Filing 151

OPINION. Signed by Judge Stanley R. Chesler on 10/4/17. (cm, )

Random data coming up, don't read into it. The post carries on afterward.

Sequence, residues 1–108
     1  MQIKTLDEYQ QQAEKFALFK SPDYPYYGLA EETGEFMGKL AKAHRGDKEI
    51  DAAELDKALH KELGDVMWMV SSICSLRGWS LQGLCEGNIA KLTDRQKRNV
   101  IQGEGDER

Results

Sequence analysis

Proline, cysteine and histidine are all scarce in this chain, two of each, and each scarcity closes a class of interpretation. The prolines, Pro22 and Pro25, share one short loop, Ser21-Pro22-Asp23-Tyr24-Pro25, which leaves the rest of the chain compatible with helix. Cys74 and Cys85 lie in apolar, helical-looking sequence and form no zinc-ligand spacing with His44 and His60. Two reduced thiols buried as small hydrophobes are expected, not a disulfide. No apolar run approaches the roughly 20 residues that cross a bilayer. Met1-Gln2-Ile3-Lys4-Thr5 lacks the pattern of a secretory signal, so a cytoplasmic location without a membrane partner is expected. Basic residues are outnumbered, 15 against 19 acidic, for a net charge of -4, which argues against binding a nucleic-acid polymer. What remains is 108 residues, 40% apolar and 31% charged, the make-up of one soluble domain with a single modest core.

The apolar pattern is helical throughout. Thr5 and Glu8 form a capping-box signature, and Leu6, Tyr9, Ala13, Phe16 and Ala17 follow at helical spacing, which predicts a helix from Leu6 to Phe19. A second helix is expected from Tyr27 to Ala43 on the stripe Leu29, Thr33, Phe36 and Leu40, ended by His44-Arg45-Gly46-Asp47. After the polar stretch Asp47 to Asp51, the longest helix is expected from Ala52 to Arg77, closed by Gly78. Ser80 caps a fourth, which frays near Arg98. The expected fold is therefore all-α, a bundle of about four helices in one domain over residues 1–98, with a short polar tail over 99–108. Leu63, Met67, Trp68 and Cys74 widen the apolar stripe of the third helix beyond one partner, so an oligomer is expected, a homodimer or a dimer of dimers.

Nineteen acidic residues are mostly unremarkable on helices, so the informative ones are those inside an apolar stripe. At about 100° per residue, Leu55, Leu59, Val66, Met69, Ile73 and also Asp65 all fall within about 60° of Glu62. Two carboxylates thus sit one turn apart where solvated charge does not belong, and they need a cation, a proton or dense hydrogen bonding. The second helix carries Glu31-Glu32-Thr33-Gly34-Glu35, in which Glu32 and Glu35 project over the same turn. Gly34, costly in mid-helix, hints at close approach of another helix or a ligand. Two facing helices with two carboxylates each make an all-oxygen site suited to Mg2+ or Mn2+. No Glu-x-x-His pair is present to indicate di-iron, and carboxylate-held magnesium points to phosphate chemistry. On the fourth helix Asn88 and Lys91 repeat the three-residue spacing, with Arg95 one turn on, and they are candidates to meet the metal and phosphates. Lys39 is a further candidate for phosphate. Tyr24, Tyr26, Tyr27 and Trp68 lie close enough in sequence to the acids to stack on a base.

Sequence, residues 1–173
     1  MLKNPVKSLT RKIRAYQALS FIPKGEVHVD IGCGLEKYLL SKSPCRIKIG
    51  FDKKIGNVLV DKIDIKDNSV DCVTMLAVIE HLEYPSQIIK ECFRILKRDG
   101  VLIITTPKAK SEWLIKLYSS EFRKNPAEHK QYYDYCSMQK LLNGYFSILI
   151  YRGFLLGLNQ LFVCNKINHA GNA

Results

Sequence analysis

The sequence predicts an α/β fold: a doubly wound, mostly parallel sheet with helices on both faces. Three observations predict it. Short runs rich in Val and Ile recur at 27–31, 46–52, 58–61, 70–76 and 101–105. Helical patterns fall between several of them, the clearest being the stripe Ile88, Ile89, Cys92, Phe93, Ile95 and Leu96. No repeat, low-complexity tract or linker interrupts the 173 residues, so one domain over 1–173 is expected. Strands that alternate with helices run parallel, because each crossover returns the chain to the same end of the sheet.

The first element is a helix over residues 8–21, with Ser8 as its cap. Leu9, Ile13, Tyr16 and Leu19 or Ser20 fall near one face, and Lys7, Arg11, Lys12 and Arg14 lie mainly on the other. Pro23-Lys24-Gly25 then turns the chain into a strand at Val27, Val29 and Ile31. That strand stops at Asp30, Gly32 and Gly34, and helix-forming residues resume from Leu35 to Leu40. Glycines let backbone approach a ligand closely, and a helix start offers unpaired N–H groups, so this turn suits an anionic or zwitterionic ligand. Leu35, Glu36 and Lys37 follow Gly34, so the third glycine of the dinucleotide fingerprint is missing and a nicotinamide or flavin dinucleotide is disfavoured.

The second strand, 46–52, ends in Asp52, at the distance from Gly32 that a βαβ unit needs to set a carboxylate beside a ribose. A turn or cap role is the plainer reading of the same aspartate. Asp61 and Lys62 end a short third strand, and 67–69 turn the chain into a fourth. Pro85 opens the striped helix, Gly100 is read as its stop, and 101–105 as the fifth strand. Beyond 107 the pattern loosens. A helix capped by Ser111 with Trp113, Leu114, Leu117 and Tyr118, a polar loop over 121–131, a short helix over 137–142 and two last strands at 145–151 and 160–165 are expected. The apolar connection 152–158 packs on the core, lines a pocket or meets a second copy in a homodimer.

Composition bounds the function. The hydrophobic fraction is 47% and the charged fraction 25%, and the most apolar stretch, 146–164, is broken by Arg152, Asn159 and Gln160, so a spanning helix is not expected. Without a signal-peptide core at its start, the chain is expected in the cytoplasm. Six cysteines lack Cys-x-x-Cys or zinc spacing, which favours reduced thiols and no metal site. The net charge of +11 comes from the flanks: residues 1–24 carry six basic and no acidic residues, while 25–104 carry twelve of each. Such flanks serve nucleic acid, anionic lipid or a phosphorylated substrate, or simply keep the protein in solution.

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UNITED STATES DISTRICT COURT DISTRICT OF NEW JERSEY NOT FOR PUBLICATION : : : : : : : : : : : : : : : : : : : : : : : : : : : : : : LOU ANN WOERNER, as the beneficiary of Michael J. Woerner, Plaintiff, v. FRAM GROUP OPERATIONS, LLC, and THAT CERTAIN EMPLOYEE WELFARE BENEFIT PLAN SPONSOED BY FRAM GROUP OPERATIONS, LLC, Defendants. FRAM GROUP OPERATIONS, LLC, and THAT CERTAIN EMPLOYEE WELFARE BENEFIT PLAN SPONSOED BY FRAM GROUP OPERATIONS, LLC, Third Party Plaintiffs, v. LIFE INSURANCE COMPANY OF NORTH AMERICA, Third Party Defendant. Civil Action No. 12-6648 (SRC) OPINION CHESLER, District Judge Plaintiff Lou Ann Woerner (“Plaintiff”) brought this action under Section 502(a)(1)(B) of the Employee Retirement Income Security Act of 1974 (“ERISA”), 29 U.S.C. § 1132(a)(1)(B), to challenge a denial of life insurance benefits allegedly owed to her as the beneficiary of her late husband’s employee welfare benefit plan. Defendant FRAM Group Operations, LLC (“FRAM”) 1 has filed a third-party complaint against the Life Insurance Company of North America (“CIGNA”).1 (ECF No. 134.) CIGNA now moves to dismiss the third-party complaint, pursuant to Federal Rule of Civil Procedure 12(b)(6). (ECF No. 141.) FRAM opposes the motion. (ECF No. 146). The Court has reviewed the parties’ submissions and proceeds to rule without oral argument. See Fed. R. Civ. P. 78(b). For the reasons set forth below, CIGNA’s motion will be granted. I. BACKGROUND Plaintiff’s late husband, Michael Woerner, was diagnosed with brain cancer in July 2010 while he was an employee of Honeywell International Inc. (“Honeywell”). (Am. Compl., ¶¶ 3, 13.) In June 2011, Mr. Woerner commenced short-term disability leave. (Am. Compl., ¶¶ 16.) Approximately one month later, in July 2011, Honeywell sold Mr. Woerner’s business unit to FRAM, making him an employee of the latter. (Am. Compl., ¶ 17.) Mr. Woerner remained on short-term disability leave as an employee of FRAM until his death in February 2012. (Am. Compl., ¶ 58.) In October 2012, Plaintiff commenced the instant action against FRAM. Her amended complaint alleges that FRAM established a benefits plan for its employees and that this plan included basic and voluntary life insurance. (Am. Compl., ¶¶ 1, 4.) The amended complaint further alleges that Mr. Woerner enrolled in these life insurance benefits; that his coverage under them became effective prior to his death; that Plaintiff was named as the sole beneficiary of the benefits; and that Plaintiff has yet to receive the proceeds of those benefits because “Defendants” denied them. (Am. Compl., ¶¶ 30-36, 39-40, 65, 70, 80.) 1 The Court uses “FRAM” to refer collectively to Defendant FRAM Group Operations, LLC and That Certain Employee Welfare Benefit Plan Sponsored by FRAM Operations Group LLC. 2 After Plaintiff filed her amended complaint, she and FRAM each filed motions for summary judgment. By order dated June 30, 2015, this Court denied Plaintiff’s motion and granted FRAM’s motion. Plaintiff appealed, and on September 12, 2016, the Court of Appeals for the Third Circuit vacated this Court’s prior order, remanding the case “for application of the correct standard as to the existence and terms of the Plan at the time that [Plaintiff’s] benefits, if any, vested.” Woerner v. FRAM Grp. Operations, LLC, 658 F. App’x 90, 97 (3d Cir. 2016). The Third Circuit held that the correct standard for determining “the existence . . . of the Plan,” if any, governing Plaintiffs claims was whether “from the surrounding circumstances a reasonable person can ascertain the intended benefits, a class of beneficiaries, the source of financing, and procedures for receiving benefits.” Id. at 95 (quoting Shaver v. Siemens Corp., 670 F.3d 462, 475 (3d Cir. 2012)). Plans which satisfy this standard have been called “informal plan[s],” Smith v. Hartford Ins. Grp., 6 F.3d 131, 136 (3d Cir. 1993); Henglein v. Informal Plan for Plant Shutdown Ben. for Salaried Emps., 974 F.2d 391, 400 (3d Cir. 1992), because they are “constitute[d]” by “informal written and oral communications,” Woerner, 658 F. App’x at 90 (quoting Shaver, 670 F.3d at 475), rather than established by a “formal plan document,” Henglein, 974 F.2d at 400, or “written instrument” in accordance with 29 U.S.C. § 1102(a)(1). The Third Circuit further instructed that, in determining the terms of any plan established in the above manner, this Court should exclude evidence of “the version of the Plan delivered to and executed by FRAM after Mr. Woerner’s death.” Woerner, 658 F. App’x at 96. Such evidence, the Third Circuit held, “cannot provide a basis for ascertaining [Plaintiff’s] benefits,” Id., because it is not probative of the terms of any informal plan governing Plaintiff’s claims. Woerner, 658 F. App’x at 97. 3 After the case was remanded back to this Court, FRAM filed a motion to dismiss for failure to state a claim, pursuant to Rule 12(b)(6), and Plaintiff filed a second motion for summary judgment. By orders dated April 27, 2017, this Court denied both motions. Approximately one month later, in May 2017, FRAM filed its answer and the subject third-party complaint (“TPC”) against CIGNA. The TPC seeks a declaration that “if . . . benefits are due to Plaintiff, those benefits are payable solely by CIGNA” (Count I), and it asserts claims for “equitable relief,” pursuant to 29 U.S.C. § 1132(a)(3)(ii), (Count II) and “indemnif[ication]” (Count III). (TPC, ¶¶ 28, 30, 37.) As grounds for these claims, the TPC avers the following. First, it alleges that “CIGNA . . . issued a group life insurance policy, No. FLX964429, that was effective January 1, 2012 and [that] provides the sole source of funds for benefits payable under the plan” governing Plaintiff’s claims. (TPC ¶ 14.) A copy of the group insurance policy (the “Policy”) and a copy of a Group Life Insurance Certificate for the Policy are attached as parts of exhibit 2 to the TPC. (Id.; ECF No. 134-2, Exhibit 2, at 1-20, 40-146.) Second, the TPC alleges that “[t]he terms of the plan [governing Plaintiff’s claims] are referenced in a Wrap Around Document, titled ‘FRAM Group Operations, LLC, Group Benefits Plan (Effective January 1, 2012).’” (Id. at ¶ 17.) A copy of that document is attached as exhibit 3 to the TPC. The document was signed and executed on September 10, 2012. (ECF No. 134-3, Exhibit 3, at 21.) The TPC further alleges that the Wrap Around Document “provides that all benefits payable ‘through a Group Insurance Policy shall be paid solely pursuant to the terms of the Group Insurance Policy.’” (Id. at ¶ 18) Third, the TPC alleges that “[o]n December 2, 2011, CIGNA accepted appointment as the ‘Claim Fiduciary’ . . . for [the] Employee Benefit Welfare Plan,” pursuant to which “CIGNA agreed to . . . be responsible for adjudicating benefits under the Plan, and for deciding any 4 appeals of adverse determinations.” (Id. at ¶¶ 15-16.) A copy of the document titled “Employee Welfare Benefit Plan Appointment of Claim Fiduciary” (the “Claim Fiduciary Appointment”) is attached as part of Exhibit 1 to the TPC. (Id. at ¶ 12.) This Claim Fiduciary Appointment states that CIGNA “shall have the authority, in its discretion, to interpret the terms of the Plan, including the Policies; to decide questions of eligibility for coverage or benefits under the Plan; and to make any related findings of fact.” (Id. at ¶ 16.) Fourth, the TPC alleges that, after Mr. Woerner’s death, CIGNA “[a]s Claim Fiduciary . . . made the determination that Plaintiff was not entitled to life insurance benefits because Mr. Woerner did not satisfy the active service requirement.” (Id. at ¶ 23.) The TPC also alleges that “CIGNA also denied Plaintiff’s claim because [she] had already received benefits under an employer-provided life insurance policy that had been in effect prior to the formation of FRAM.” (Id. at ¶ 24.) Finally, the TPC alleges that CIGNA “informed Plaintiff of its denial of benefits under the plan.” (Id. at ¶ 25.) CIGNA now moves to dismiss. It argues, inter alia, that the TPC ’s allegations, and documents referenced therein, only establish that CIGNA was designated authority and bore obligations with respect to the Policy that it issued and, by extension, with respect to the formal plan that FRAM ultimately established and in which Mr. Woerner did not participate. (ECF No. 141-1, Defendant Life Insurance Company of North America’s Memorandum of Law in Support of Its Motion to Dismiss (“Mov. Br.”), at 13.) Consequently, CIGNA argues, the TPC’s allegations, even if taken as true, do not justify the inference that CIGNA bore an obligation or possessed authority with respect to any informal plan that FRAM may have established and in which Mr. Woerner did participate. (Id.) CIGNA asserts that, at minimum, the Third Circuit’s holding in Woerner and its instructions to this Court compel such a conclusion. 5 In opposition, FRAM argues that the Third Circuit’s ruling does not foreclose its claims against CIGNA. (ECF No. 146, Memorandum in Opposition to Third Party Defendant’s Motion to Dismiss (“Opp’n Br.”), at 4.) Specifically, FRAM argues that, even in light of the Third Circuit’s holding, the documents attached to the TPC may regarded as “surrounding circumstances” in determining the terms of any informal plan in which Mr. Woerner participated. (Id. at 4-5.) Thus, FRAM contends, those documents, and the allegations relating thereto, could support a reasonable inference that CIGNA bore fiduciary, statutory, or contractual obligations with regard to the purported informal plan governing Plaintiff’s claims. II. LEGAL STANDARD To survive a Rule 12(b)(6) motion to dismiss, “a complaint must contain sufficient factual matter, accepted as true, to ‘state a claim to relief that is plausible on its face.’” Ashcroft v. Iqbal, 556 U.S. 662, 678, 129 S. Ct. 1937, 173 L. Ed. 2d 868 (2009) (quoting Bell Atlantic Corp. v. Twombly, 550 U.S. 544, 570, 127 S. Ct. 1955, 167 L. Ed. 2d 929 (2007)). “A claim has facial plausibility when the plaintiff pleads factual content that allows the court to draw the reasonable inference that the defendant is liable for the misconduct alleged.” Id. (quoting Twombly, 550 U.S. at 556.) When considering a Rule 12(b)(6) motion to dismiss, a court may consider allegations in the complaint, documents attached thereto or specifically referenced therein, and matters of public record. Pittsburgh v. W. Penn Power Co., 147 F.3d 256, 259 (3d Cir. 1998). A “court must accept as true all factual allegations contained in the complaint and all reasonable inferences that can be drawn therefrom, . . . view[ed] . . . in [a] light most favorable to the plaintiff.” OFI Asset Mgmt. v. Cooper Tire & Rubber, 834 F.3d 481, 489 (3d Cir. 2016) (citations omitted). On the other hand, it must “disregard rote recitals of the elements of a cause 6 of action, legal conclusions, and mere conclusory statements.” In re Vehicle Carrier Servs. Antitrust Litig., 846 F.3d 71, 79 n. 4 (3d Cir. 2017) (quoting James v. City of Wilkes-Barre, 700 F.3d 675, 679 (3d Cir. 2012)). III. DISCUSSION The TPC’s allegations refer to, and rely upon, four documents: the Policy, the Wrap Around Document, the Group Life Insurance Certificate, and the Claim Fiduciary Appointment. The first two of these documents, the Policy and the Wrap Around Document, were clearly created after Mr. Woerner’s death and, therefore, after Plaintiff’s benefits, if any, vested. Therefore, consistent with the Third Circuit’s instructions, this Court may only regard those documents as evidence of “the version of the Plan delivered to and executed by FRAM after Mr. Woerner’s death” see Woerner, 658 F. App’x at 96. As a result, these documents may not be considered in determining the existence or terms of any informal plan “at the time that Plaintiff’s benefits, if any, vested,” see Id. at 97. Thus, viewing these documents in a light most favorable to FRAM, a fact finder could only reasonably infer that they pertain to the formal plan that FRAM ultimately established. The same may be said of the Group Life Insurance Certificate and the Claim Fiduciary Appointment. Although the Group Life Insurance Certificate is undated, it specifically provides that “[i]f questions arise, the Policy will govern,” and it states that it merely “describes the benefits and basic provisions of . . . coverage” under the Policy. (Exhibit 2, at 8.) Similarly, although the Claim Fiduciary Appointment was signed in early December 2011, before Mr. Woerner’s death, it clearly states that CIGNA’s “sole liability to the Plan and to Participants [therein] and Beneficiaries [thereof]” is limited to “the payments of benefits provided with respect to Policies issued by [CIGNA] to the Plan.” (Appointment Form, at 1.) In other words, 7 the appointment of authority and acceptance of obligations set forth in that document were limited to plans which were funded by insurance policies which CIGNA had actually issued. Therefore, viewing these documents in a light most favorable to FRAM, a fact finder could also only reasonably infer that they pertain to the formal plan that FRAM ultimately established. In sum, given the Third Circuit’s holding, this Court must conclude that the four documents, and the allegations in the TPC pertaining thereto, cannot justify a reasonable inference that CIGNA possessed authority or bore any obligation with respect to any informal plan potentially governing Plaintiff’s claims. Consequently, based on the TPC’s allegations, this Court must also conclude that no trier of fact could reasonably infer that CIGNA bore a fiduciary, statutory, or contractual obligation to FRAM or Plaintiff with regard to any informal plan. Therefore, the Court finds that FRAM has failed to plead sufficient factual content to justify the inference that CIGNA is liable to FRAM under any of its theories. The Supreme Court characterizes dismissal with prejudice as a “harsh remedy.” New York v. Hill, 528 U.S. 110, 118 (2000). Such dismissal with prejudice is only appropriate on the grounds of bad faith, undue delay, prejudice, or futility. Alston v. Parker, 363 F.3d 229, 236 (3d Cir. 2004) (quoting Shane v. Fauver, 213 F.3d 113, 115 (3d Cir. 2000)). “When a plaintiff does not seek leave to amend a deficient complaint after a defendant moves to dismiss it, the court must inform the plaintiff that he has leave to amend within a set period of time, unless amendment would be inequitable or futile.” Grayson v. Mayview State Hosp., 293 F.3d 103, 108 (3d Cir. 2002). Defendant points to no unpled facts that might allow an amended third-party complaint against CIGNA to withstand a future motion to dismiss. This Court concludes, therefore, that amendment is futile. Because amendment is futile, the third-party claim will be dismissed with prejudice. 8 IV. CONCLUSION Accordingly, for the foregoing reasons, CIGNA’s motion to dismiss the TPC, pursuant to Fed. R. Civ. P. 12(b)(6), is GRANTED, and the TPC is dismissed WITH PREJUDICE. An appropriate order shall issue. /s Stanley R. Chesler STANLEY R. CHESLER United States District Judge Dated: October 4, 2017 9